If you’re a mechanical or electrical engineer, know how servers work, or simply someone who enjoys building computers at home and lives near one of the sites where Facebook is building data centers, chances are the company wants to hear from you.
The social network is continuing to grow quickly, and every new Facebook data center means lots of Facebook data center jobs. Typically, a few months before a data center comes online, “we put out a huge number of job requisitions, and we start looking to build the team,” Delfina Eberly, VP of infrastructure for site operations at Facebook, says. The roles that need to be filled can be anything from server technicians and infrastructure engineers to program managers.
They also range from entry-level to highly skilled. Facebook often hires people out of local junior colleges or trade schools, people who like working with their hands and don’t necessarily have data center experience. “We want somebody who loves technology,” she says.
See also: How to Get a Data Center Job at Google
Doing More with Fewer People
Still, if you’re applying for a server technician position, it helps if you understand how hardware and firmware works. It also helps if you understand automation. Like other hyper-scale data center operators, Facebook has put a lot of effort into reducing the amount of people it takes to service hardware. Servers-per-technician is one of the data center operations team’s key efficiency metrics. Today, they’re at one technician for every 25,000 systems in most locations and in some instances up to 40,000 systems.
One of the key processes the company has automated is diagnosing and remediating server issues. Its home-baked FBAR system (stands for Facebook Auto-Remediation) takes a problem through three stages of remediation, and a ticket gets generated for a human tech only if the problem isn’t solved automatically.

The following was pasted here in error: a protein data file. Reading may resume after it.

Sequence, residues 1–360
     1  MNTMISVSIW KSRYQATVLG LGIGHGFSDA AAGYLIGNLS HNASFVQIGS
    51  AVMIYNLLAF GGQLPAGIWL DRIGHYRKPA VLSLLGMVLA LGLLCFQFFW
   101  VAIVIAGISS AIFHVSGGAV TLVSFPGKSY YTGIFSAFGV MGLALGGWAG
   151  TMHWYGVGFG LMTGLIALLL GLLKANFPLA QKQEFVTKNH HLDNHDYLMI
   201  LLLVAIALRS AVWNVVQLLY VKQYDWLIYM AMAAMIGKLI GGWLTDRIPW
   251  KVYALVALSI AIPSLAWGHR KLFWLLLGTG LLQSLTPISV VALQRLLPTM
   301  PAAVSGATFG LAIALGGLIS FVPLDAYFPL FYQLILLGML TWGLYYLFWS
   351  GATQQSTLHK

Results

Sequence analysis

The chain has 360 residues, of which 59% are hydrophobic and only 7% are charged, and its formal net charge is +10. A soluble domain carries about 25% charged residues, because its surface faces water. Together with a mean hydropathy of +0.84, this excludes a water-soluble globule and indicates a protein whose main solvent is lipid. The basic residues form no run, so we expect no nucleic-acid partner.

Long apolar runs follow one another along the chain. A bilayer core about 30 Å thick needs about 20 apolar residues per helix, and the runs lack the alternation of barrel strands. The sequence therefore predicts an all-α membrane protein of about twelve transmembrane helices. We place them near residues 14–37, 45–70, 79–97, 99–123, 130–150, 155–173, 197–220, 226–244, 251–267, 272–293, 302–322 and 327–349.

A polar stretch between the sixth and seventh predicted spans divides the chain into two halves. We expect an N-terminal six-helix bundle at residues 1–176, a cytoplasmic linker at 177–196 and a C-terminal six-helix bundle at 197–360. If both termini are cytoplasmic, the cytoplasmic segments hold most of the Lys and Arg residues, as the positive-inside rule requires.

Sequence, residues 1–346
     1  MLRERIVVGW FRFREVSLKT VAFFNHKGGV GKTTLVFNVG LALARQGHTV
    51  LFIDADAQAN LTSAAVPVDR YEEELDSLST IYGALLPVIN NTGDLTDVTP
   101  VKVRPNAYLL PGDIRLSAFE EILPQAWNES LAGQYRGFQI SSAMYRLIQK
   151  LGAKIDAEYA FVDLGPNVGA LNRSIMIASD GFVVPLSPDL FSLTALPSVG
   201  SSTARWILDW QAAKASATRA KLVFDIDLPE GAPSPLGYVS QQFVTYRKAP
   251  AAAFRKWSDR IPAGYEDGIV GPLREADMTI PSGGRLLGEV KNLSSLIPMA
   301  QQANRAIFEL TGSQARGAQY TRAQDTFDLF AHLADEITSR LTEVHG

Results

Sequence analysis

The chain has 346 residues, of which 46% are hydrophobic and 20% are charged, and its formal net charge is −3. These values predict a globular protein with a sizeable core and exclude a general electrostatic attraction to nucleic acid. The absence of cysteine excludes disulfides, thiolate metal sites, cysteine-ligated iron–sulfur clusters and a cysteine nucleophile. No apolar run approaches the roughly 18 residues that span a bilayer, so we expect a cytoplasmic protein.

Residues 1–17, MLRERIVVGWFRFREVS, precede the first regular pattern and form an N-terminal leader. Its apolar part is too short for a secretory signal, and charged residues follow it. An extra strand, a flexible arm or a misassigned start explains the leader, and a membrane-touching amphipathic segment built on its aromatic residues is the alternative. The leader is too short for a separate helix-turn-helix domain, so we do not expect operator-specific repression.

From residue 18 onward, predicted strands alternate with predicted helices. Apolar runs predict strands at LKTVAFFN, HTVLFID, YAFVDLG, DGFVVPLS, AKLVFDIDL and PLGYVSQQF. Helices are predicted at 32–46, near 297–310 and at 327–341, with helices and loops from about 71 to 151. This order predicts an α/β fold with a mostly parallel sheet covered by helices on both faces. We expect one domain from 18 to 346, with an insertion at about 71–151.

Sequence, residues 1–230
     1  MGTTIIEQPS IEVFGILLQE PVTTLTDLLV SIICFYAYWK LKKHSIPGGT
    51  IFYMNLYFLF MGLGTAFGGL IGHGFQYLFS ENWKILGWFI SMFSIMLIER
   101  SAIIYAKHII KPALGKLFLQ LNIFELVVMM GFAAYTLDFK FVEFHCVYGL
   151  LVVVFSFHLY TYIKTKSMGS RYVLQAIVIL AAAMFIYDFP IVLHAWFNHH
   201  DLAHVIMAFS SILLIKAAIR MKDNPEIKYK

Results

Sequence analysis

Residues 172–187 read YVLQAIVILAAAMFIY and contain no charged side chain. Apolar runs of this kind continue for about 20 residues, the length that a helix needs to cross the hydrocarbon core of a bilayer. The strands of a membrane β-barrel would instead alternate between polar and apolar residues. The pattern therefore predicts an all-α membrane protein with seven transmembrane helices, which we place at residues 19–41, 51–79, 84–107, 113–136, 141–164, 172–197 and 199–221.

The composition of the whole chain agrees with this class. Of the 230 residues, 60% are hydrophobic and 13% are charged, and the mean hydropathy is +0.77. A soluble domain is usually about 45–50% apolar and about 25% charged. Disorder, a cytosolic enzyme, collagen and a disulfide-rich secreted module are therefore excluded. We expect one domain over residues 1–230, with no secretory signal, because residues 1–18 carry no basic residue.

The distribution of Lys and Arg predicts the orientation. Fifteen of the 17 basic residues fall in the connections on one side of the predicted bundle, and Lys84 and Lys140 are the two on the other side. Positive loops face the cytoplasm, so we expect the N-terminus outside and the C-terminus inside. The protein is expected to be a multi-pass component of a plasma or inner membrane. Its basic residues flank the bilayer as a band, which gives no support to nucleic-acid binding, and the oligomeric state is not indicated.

There’s also automation on the data center infrastructure management side, enabled by Facebook’s DCIM software. “We’re doing a lot of work to automate and detect issues in the environment,” Eberly says. Her team is taking a similar approach to automating mechanical and electrical infrastructure management as it’s done with FBAR on the IT side of the house, where the guiding principle is to have as little human intervention as possible.
While local communities usually provide a labor pool to draw from for Facebook data center jobs, not every necessary skill set is easily found in every location. It depends heavily on the presence of other companies and education institutions in the area. The Luleå University of Technology in Luleå, Sweden, for example, is a reliable source of skilled workers for the company’s data center in town. In Forest City, North Carolina, being close to Apple, Disney, and Google data centers made some, but not all skill sets easy to source.
“We actually had a very hard time sourcing technicians, people that were more familiar with the internals of servers” in Forest City, Eberly said. To fix the problem, the company partnered with a local community college and created several courses to train server techs. It took people who signed up for the courses on as interns and then placed the interns that worked out onto its hardware-repair team.
Be Ready for Constant Change
When sorting through resumes submitted for Facebook data center jobs, Eberly pays close attention to introductions. “I always look at the introduction,” she says. “That says a lot about their area of interest, the kind of work that excites them.” She also looks for signals that a person is able to solve complex problems and work in a fast-changing environment.
The weight of formal education on a decision about a candidate depends on the specific role they’re applying for. For a server technician, high-school education or previous work experience will usually be enough. Higher-level data center operations roles do require formal technical certification.
Once a candidate’s resume has been selected, the candidate goes through a process the company calls the interview loop. The process is essentially set up to ensure people from multiple teams and multiple levels in the organization have had a chance to speak with the candidate and can make a decision collectively. As the candidate goes through the loop, a consistent ‘yes,’ ‘no,’ or ‘needs work’ signal typically emerges across the teams they interview with, Eberly says.
If you’ve read anything about working at Facebook, you probably know that things move fast at the company. Facebook software engineers are famously encouraged to deploy new features during their first week on the job. The company’s data center team culture is similar. People who end up getting hired for Facebook data center jobs are usually flexible and open minded, comfortable in an environment with quickly shifting priorities. “We really are looking for people who are comfortable with moving fast,” Eberly says, “people who can pivot and make a change quickly.”